Well, both teams are required to dress two goaltenders.  Most teams play four lines of three forwards, and three pairs of defensemen.  The rink facilities are required by the NHL to be identical for both teams: no heated benches for the home team while the visitors freeze their derrieres off on a cast-iron bench that’s only got half the seating area.  Both teams get the same sheet of ice to play on.  The field of play is identical for both the home team and the visitors.  Both teams have the same three twenty-minute periods to outscore the other.  And so on.

But don’t disparities in talent give some teams an advantage at the outset?  Clearly, no: favorites don’t always win, even with seemingly unbeatable rosters.  The Miracle on Ice game is an example which springs immediately to mind.  Great talent doesn’t necessarily lend itself to making the sacrifices needed for victory (just ask Jaromir Jagr.)  This is not to say that talent is overrated; it is to say that talent is not always what determines victory.  And more talented players certainly don’t preordain victory.  Therefore, at the outset of play, it is true that both teams have the same resources available to both of them.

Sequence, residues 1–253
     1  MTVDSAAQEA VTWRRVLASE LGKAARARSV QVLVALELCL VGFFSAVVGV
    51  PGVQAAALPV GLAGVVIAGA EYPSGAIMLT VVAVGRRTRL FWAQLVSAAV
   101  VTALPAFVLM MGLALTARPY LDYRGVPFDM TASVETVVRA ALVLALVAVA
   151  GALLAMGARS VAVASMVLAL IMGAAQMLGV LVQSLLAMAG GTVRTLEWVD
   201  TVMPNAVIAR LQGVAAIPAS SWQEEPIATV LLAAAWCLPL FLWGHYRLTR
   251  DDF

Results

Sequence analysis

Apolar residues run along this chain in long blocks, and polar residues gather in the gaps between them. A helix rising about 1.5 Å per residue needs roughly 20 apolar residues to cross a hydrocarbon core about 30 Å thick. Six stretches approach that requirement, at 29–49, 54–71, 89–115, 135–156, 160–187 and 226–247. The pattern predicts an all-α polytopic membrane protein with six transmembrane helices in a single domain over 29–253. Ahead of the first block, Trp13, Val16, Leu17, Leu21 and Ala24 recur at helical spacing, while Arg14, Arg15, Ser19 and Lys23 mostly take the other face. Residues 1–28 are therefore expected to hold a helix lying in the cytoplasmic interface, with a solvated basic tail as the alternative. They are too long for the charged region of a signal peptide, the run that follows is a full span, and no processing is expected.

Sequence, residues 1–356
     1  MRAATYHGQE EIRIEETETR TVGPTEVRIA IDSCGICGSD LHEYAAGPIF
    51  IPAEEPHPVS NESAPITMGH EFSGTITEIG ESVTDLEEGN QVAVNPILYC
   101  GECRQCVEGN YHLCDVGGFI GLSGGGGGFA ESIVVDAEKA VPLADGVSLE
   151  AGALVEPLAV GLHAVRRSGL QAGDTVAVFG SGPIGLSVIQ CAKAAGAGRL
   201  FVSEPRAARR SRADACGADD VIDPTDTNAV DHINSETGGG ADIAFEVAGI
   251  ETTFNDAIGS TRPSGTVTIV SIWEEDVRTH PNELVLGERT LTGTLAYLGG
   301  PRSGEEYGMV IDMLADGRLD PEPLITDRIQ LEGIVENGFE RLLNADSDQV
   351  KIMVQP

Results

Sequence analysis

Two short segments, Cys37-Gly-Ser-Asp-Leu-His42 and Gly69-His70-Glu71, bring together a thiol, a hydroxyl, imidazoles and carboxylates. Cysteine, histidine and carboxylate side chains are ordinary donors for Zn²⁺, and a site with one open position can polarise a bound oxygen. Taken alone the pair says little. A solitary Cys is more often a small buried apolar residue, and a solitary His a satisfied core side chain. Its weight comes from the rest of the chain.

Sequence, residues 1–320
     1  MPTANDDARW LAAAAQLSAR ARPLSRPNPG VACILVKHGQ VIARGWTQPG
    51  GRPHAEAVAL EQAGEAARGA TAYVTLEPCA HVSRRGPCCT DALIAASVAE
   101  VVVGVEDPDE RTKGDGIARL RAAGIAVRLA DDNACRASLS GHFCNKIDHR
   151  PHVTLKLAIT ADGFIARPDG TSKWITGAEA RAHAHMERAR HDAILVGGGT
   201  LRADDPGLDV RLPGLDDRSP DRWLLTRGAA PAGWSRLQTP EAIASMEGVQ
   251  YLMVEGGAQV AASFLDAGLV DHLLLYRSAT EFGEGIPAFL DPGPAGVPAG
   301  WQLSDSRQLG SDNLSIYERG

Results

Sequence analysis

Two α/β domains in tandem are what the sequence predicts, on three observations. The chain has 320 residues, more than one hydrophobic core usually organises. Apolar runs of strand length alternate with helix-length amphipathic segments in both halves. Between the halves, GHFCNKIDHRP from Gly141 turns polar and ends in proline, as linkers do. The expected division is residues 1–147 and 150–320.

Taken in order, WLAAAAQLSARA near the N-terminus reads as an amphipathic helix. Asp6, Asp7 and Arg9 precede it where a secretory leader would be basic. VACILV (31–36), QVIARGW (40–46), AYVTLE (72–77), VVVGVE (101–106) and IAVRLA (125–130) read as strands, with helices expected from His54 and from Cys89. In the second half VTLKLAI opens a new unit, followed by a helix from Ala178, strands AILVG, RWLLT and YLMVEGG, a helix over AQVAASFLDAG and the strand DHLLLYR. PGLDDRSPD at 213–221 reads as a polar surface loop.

Can talent be overcome?  Yes–talent can be overcome by heart.  However, heart can be overcome by strength (that is, toughness).  Likewise, strength can be overcome by talent.

When next I write on this subject, I will explore the relationships between talent, heart, and strength.

Meanwhile, see you at the Verizon Center Wednesday night as we take on the Islanders.

CAPITAL SPIRIT

SEEKING THE TRUTH

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Comments»

1. june - February 20, 2008

Is your Major in Journalism? Was interesting reading.

2. CapitalSpirit - February 20, 2008

Actually, no. It was Mass Communications–Towson, Class of 99–but that’s close enough for the blogosphere, I guess.